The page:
Today, the Common Application for the high school graduating class of 2015 went live. The application, which is used as an all-inclusive tool for applying to colleges and universities across the world, is, in many ways, the bane of one’s senior year. Although not every college uses it, many do, especially in America.
It’s straightforward enough: supply the Common App with enough information that if they wanted to, they could steal your identity, then write a few essays, and click send. Easy enough.
Or so it seems.
The summer before my senior year of high school, I stayed up late on the night that the Common App was released. “Late” was an understatement. I stayed up till 3:00 A.M., frantically trying to get into the system so that I could see what I was up against.
Many of my friends did the same thing. None of us were able to properly log into the interface until one or two days later because of glitches. I walked into work the next morning at 8:00 A.M. exhausted from staying up and feeling defeated.
The Common App itself isn’t difficult; what’s difficult is just everything that it entails.
For some, the questions posed are difficult to answer: maybe because of a lack of information, or maybe because the questions strike an emotional chord. What should one write in the space for parental occupations if one’s parents are unemployed? For people of certain ethnicities, the question of whether to disclose that information can be tricky. Should you disclose your personal/professional affiliation with an LGBTQ related organization if you’re applying to a more conservative school?
Everything that is written down (or not written down) can have an effect on the colleges that accept you, which means that your entire future is riding on how well you can showcase yourself in a few pages.
Not only can the questions you answer be difficult, but the act of writing essay after essay can be as well.
I didn’t apply to smaller state schools or local private schools. I applied to mostly highly selective out-of-state institutions, many of which had three to five additional essay prompts. I applied to 15 schools; you can do the math.
The glitches that prevented me from logging into the Common App on its first night live didn’t go away. These problems continued up until my very last application. Essays were lost in formatting as I copied and pasted them into the online interface, and, on a few occasions, the Common App website would crash as I tried to submit my applications. Additionally, transcripts that were sent through the Common App didn’t make it to some of my schools on time.
Navigating a glitchy website wasn’t all that was required. From asking teachers to take the time out of their overly busy lives and write me a recommendation to staying on hold with admissions departments while I was on the bus on my way from high school to the university I took all my classes at, it was insanely time consuming.
It was also extremely emotionally difficult.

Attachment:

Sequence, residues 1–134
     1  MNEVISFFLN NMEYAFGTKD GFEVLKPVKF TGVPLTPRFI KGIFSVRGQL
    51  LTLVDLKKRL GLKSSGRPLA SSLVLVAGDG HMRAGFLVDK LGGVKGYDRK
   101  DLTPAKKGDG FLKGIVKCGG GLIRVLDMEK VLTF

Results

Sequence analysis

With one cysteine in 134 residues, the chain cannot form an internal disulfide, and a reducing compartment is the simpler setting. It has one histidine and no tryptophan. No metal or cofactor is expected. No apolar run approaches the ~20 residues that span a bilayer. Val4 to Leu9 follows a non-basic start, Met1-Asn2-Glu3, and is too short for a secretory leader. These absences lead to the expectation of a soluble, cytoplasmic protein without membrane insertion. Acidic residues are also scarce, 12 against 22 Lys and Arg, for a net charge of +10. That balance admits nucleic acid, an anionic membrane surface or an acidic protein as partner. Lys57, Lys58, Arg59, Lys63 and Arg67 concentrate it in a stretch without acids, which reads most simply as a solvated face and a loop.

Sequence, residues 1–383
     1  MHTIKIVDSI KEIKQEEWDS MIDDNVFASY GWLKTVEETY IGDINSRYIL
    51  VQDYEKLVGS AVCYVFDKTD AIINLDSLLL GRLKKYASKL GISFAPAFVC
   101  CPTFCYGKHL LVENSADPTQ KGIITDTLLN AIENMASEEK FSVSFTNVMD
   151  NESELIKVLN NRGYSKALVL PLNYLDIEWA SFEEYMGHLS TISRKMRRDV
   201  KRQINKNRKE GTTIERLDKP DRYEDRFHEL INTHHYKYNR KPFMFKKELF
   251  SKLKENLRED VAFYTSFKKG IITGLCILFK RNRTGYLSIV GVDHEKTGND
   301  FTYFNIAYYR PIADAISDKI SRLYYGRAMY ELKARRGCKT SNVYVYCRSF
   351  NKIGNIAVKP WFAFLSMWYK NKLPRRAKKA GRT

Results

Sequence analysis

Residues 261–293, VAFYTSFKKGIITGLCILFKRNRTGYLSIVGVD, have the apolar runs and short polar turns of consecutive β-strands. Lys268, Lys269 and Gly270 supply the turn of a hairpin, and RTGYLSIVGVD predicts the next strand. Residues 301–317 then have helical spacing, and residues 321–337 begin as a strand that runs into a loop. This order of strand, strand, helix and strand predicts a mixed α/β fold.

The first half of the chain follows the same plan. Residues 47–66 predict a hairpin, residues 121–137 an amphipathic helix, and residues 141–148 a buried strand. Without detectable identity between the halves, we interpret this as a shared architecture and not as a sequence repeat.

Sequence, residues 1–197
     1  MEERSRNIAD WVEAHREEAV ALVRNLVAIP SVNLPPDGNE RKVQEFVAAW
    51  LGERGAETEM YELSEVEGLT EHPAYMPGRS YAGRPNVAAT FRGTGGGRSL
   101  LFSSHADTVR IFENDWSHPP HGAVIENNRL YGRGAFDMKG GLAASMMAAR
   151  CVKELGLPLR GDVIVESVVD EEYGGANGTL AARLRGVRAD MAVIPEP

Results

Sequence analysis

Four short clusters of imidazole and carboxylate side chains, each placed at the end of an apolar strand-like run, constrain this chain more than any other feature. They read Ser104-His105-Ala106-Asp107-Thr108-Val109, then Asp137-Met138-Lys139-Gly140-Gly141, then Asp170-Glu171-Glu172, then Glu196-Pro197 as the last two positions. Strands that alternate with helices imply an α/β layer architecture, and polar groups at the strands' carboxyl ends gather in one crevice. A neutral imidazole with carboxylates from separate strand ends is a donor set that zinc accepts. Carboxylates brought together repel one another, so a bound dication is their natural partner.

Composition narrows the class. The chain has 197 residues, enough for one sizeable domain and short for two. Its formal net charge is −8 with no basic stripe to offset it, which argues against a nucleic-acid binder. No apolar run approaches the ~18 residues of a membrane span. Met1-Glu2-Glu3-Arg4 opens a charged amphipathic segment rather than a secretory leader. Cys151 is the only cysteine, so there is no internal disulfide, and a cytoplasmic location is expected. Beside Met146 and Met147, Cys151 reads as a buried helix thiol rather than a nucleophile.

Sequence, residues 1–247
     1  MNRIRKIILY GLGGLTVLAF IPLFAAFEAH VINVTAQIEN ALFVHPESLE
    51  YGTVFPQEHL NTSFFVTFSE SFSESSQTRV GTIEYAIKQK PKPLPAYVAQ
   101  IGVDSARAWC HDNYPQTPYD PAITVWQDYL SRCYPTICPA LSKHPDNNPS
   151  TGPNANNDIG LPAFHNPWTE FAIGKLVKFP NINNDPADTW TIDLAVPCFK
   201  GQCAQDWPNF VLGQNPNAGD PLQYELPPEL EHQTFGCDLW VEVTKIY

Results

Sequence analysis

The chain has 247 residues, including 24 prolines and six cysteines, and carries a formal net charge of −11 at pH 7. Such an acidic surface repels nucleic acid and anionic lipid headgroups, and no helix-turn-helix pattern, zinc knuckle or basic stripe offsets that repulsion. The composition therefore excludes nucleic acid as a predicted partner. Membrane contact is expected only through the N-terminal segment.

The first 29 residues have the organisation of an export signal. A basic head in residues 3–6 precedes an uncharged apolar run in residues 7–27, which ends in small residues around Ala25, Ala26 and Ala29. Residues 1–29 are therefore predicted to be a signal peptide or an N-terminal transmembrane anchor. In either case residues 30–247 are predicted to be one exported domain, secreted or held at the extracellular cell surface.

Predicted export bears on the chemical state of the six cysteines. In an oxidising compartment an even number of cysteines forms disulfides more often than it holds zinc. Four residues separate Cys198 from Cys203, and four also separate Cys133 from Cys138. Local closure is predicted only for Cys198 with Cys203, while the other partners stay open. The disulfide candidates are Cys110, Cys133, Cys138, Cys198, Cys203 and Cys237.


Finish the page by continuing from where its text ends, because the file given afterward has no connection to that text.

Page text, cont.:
My entire social circle from my high school was filled with low-income inner-city students that had dreams of Case Western, Johns Hopkins, Harvard, Oberlin, Barnard, Smith, Carnegie Mellon, Pomona, and other similar schools. We all set a high bar for ourselves.
Our conversations revolved around the Common App nonstop. How many colleges did you apply to? How many supplements are for that school? Have you “demonstrated interest” yet? Do you need help with your essays?
We were all helpful to each other. But we also were living with toxic levels of stress, family issues, money problems, anxiety, depression, and the nagging feeling of the fear that we’d make one simple mistake with transcripts or an essay and ruin our chances forever.
We cried in the bathroom. Vented while on the bus. Whispered while we were at the university we all took classes at, so as to not let anyone know we were still technically in high school. We argued with parents who were not supportive of our decision to leave the city or leave for college in general. We haggled with family members over the money we needed in order to send our test scores. We curtly told each other to “pull yourself together” even when we were in the midst of breakdowns and insecurities.
And we fought, not only with each other, but also with ourselves.
It wasn’t all bad, though. In a way, the Common App was like a game. Survival of the fittest, except our lives weren’t on the line—our futures were. We didn’t find out whether we won the game until March. But even for the people who didn’t get into their top choice, they are still better off because of the process.
It requires a certain level of discipline to curb your wanton desire to compulsively read books (or browse Facebook, or watch Orange is the New Black) and sit down and write. To concentrate. Not only this, but the level of introspection and creative writing demanded by the Common App help people to improve their writing skills, which is crucial to college success.